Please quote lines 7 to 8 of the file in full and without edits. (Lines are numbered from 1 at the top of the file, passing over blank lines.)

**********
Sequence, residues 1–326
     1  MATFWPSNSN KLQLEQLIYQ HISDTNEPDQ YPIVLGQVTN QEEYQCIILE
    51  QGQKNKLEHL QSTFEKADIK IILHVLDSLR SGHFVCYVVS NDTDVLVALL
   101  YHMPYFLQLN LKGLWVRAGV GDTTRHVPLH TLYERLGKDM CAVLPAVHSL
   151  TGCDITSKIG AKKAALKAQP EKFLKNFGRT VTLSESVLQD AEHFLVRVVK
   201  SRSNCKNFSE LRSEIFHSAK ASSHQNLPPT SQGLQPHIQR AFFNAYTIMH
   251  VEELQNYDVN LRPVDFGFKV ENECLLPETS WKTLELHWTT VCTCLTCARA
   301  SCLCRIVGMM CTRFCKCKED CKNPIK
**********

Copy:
   251  VEELQNYDVN LRPVDFGFKV ENECLLPETS WKTLELHWTT VCTCLTCARA
   301  SCLCRIVGMM CTRFCKCKED CKNPIK